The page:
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Durham e-Theses
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The Osmium Isotopic Composition of Seawater: Past and Present

SPROSON, ADAM,DAVID (2017) The Osmium Isotopic Composition of Seawater: Past and Present. Doctoral thesis, Durham University.

Full text not available from this repository.
Author-imposed embargo until 07 August 2018.

Abstract

The osmium isotopic composition of seawater (187Os/188Os) reflects a balance between radiogenic continental sources and unradiogenic mantle and extraterrestrial derived sources. Reconstruction of this value has allowed us to unlock vital information about a series of Earth system processes, both today and in Earth’s geological past. This body of work looks to reconstruct the 187Os/188Os of seawater for past and present oceans using the 187Os/188Os composition of shales and macroalgae (seaweed) respectively.
The 187Os/188Os composition of Icelandic (0.16 to 0.99) and Japanese (0.16 to 1.09) macroalgae are highly variable, and reflect the mixing between multiple sources. The 187Os/188Os of Icelandic coastal waters is dominated by seawater and local river catchments, and has been utilised to trace the influence of basaltic weathering on the global Os cycle. The 187Os/188Os of Japanese coastal waters is dominated by seawater and river catchments draining Miocene-Holocene continental rocks or anthropogenic sources, and has been utilised to trace mankind’s impact on the global Os cycle. The 187Os/188Os profiles of shales from the Silurian Ireviken, Mulde, Lau and Klonk biovents are similar to those previously recorded for the Hirnantian glaciation. This data suggests the Silurian has been punctuated by several glaciations associated with fluctuations in global temperatures, sea-level and the carbon cycle. When combined with the Li isotopic (δ7Li) composition of carbonates, this study suggests glacial processes caused large changes in oxidative and silicate weathering.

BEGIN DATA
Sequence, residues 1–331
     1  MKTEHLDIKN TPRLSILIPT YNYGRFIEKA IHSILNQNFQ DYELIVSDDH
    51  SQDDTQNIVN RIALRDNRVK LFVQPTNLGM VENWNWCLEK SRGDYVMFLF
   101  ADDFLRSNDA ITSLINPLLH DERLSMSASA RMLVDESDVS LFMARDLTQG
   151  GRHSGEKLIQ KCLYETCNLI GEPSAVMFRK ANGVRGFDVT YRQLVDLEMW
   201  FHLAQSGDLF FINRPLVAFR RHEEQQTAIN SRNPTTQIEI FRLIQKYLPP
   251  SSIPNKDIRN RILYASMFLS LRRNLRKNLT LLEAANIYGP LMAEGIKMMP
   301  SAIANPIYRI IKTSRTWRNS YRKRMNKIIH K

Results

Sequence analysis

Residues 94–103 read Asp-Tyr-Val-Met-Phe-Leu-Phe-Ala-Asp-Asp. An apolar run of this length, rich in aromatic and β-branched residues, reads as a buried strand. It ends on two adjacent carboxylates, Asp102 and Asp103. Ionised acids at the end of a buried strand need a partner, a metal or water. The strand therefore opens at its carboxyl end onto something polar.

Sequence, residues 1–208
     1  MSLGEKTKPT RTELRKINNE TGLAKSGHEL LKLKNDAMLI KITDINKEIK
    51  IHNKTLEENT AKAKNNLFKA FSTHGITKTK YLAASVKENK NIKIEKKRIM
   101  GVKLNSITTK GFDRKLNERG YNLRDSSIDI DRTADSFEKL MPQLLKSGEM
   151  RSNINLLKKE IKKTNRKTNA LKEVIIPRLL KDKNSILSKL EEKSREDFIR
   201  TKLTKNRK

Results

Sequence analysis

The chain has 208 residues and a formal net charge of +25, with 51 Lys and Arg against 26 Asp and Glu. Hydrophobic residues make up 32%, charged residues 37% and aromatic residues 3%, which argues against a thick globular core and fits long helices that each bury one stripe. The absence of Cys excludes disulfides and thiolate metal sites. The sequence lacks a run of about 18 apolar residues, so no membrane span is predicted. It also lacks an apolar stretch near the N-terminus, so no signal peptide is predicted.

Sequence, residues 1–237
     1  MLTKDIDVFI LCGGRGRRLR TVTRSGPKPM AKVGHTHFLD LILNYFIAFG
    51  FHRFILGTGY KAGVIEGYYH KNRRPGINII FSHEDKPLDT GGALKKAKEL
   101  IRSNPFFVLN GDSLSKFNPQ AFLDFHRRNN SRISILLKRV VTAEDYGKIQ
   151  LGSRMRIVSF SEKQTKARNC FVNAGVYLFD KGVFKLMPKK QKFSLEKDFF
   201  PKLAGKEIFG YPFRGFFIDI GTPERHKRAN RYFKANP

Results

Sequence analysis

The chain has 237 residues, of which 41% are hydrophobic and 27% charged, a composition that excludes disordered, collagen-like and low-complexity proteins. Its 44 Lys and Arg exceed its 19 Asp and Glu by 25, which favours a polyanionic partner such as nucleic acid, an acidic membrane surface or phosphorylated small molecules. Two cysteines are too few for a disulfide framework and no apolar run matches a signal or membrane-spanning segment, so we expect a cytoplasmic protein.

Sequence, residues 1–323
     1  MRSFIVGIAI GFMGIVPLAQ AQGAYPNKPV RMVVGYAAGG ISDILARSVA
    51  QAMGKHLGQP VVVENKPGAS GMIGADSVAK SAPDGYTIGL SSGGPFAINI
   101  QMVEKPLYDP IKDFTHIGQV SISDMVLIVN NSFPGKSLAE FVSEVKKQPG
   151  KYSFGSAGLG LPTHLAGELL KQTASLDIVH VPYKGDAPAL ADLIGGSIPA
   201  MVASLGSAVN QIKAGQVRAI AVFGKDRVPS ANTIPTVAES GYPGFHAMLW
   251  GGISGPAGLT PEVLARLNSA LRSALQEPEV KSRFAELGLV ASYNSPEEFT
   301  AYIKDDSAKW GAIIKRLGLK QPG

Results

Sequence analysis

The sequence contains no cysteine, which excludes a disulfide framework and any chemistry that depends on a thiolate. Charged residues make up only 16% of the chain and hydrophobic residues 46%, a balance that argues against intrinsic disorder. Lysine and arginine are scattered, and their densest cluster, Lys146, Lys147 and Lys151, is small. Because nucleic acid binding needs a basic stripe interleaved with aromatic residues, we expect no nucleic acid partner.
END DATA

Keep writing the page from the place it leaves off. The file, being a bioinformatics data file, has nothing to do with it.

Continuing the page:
This study has successfully utilised macroalgae as a proxy for the 187Os/188Os of seawater and proven it can become a powerful tracer of Earth system processes and human activity. This study has also redefined the Silurian as an icehouse, and suggests the long term decline in atmospheric CO2, due to orogeny, land-plant diversification, volcanic- arc degassing and/or paleogeography, was reversed by periodic glaciations which acted to enhance oxidative weathering whilst suppressing silicate weathering.

Item Type:Thesis (Doctoral)
Award:Doctor of Philosophy
Keywords:Osmium, Rhenium, Silurian, Macroalgae, Paleoclimate, Iceland, Japan
Faculty and Department:Faculty of Science > Earth Sciences, Department of
Thesis Date:2017
Copyright:Copyright of this thesis is held by the author
Deposited On:08 Aug 2017 12:56

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